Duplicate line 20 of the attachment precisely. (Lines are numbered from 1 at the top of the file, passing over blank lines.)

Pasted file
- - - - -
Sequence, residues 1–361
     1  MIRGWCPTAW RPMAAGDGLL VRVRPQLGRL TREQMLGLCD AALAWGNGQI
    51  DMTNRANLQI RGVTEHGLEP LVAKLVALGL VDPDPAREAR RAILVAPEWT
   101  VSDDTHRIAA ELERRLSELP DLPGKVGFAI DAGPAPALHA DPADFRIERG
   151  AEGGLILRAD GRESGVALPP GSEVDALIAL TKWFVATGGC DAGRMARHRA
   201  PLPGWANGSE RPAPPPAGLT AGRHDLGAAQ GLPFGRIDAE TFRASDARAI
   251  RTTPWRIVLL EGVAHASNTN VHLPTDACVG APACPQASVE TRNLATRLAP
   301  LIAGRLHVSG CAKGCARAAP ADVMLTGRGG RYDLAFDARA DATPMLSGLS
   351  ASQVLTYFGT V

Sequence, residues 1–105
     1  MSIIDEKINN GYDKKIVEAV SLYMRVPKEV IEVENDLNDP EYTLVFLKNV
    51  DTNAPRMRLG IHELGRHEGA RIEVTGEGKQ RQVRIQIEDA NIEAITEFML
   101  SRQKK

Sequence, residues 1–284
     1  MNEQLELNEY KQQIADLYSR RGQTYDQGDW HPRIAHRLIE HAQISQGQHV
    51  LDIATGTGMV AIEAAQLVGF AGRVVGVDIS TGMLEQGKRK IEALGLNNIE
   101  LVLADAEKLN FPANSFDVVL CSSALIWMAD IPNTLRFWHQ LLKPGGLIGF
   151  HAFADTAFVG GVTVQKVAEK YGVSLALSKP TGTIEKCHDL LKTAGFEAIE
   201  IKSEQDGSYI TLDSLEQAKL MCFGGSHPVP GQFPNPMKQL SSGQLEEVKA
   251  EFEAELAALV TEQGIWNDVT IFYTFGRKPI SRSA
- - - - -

   251  EFEAELAALV TEQGIWNDVT IFYTFGRKPI SRSA